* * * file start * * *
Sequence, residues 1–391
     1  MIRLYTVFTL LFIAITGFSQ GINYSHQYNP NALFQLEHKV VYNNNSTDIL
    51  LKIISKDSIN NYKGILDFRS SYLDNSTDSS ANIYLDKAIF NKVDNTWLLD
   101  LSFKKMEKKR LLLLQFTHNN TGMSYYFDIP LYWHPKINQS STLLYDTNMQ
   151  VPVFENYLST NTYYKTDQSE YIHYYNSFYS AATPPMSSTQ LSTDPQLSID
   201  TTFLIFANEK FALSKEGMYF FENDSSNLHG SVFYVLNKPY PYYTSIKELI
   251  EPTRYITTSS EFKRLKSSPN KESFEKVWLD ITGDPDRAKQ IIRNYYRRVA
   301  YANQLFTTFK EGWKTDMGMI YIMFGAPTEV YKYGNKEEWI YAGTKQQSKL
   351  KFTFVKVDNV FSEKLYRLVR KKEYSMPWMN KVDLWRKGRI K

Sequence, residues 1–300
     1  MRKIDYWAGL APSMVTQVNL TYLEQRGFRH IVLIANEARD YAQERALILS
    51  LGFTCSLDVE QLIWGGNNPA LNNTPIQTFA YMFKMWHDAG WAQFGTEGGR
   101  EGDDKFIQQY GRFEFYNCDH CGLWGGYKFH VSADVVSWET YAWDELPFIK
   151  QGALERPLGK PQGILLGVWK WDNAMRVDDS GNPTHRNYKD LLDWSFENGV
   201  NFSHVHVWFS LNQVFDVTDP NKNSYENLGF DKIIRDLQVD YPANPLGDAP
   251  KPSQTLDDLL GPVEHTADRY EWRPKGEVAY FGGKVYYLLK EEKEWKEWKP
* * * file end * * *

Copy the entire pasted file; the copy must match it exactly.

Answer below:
Sequence, residues 1–391
     1  MIRLYTVFTL LFIAITGFSQ GINYSHQYNP NALFQLEHKV VYNNNSTDIL
    51  LKIISKDSIN NYKGILDFRS SYLDNSTDSS ANIYLDKAIF NKVDNTWLLD
   101  LSFKKMEKKR LLLLQFTHNN TGMSYYFDIP LYWHPKINQS STLLYDTNMQ
   151  VPVFENYLST NTYYKTDQSE YIHYYNSFYS AATPPMSSTQ LSTDPQLSID
   201  TTFLIFANEK FALSKEGMYF FENDSSNLHG SVFYVLNKPY PYYTSIKELI
   251  EPTRYITTSS EFKRLKSSPN KESFEKVWLD ITGDPDRAKQ IIRNYYRRVA
   301  YANQLFTTFK EGWKTDMGMI YIMFGAPTEV YKYGNKEEWI YAGTKQQSKL
   351  KFTFVKVDNV FSEKLYRLVR KKEYSMPWMN KVDLWRKGRI K

Sequence, residues 1–300
     1  MRKIDYWAGL APSMVTQVNL TYLEQRGFRH IVLIANEARD YAQERALILS
    51  LGFTCSLDVE QLIWGGNNPA LNNTPIQTFA YMFKMWHDAG WAQFGTEGGR
   101  EGDDKFIQQY GRFEFYNCDH CGLWGGYKFH VSADVVSWET YAWDELPFIK
   151  QGALERPLGK PQGILLGVWK WDNAMRVDDS GNPTHRNYKD LLDWSFENGV
   201  NFSHVHVWFS LNQVFDVTDP NKNSYENLGF DKIIRDLQVD YPANPLGDAP
   251  KPSQTLDDLL GPVEHTADRY EWRPKGEVAY FGGKVYYLLK EEKEWKEWKP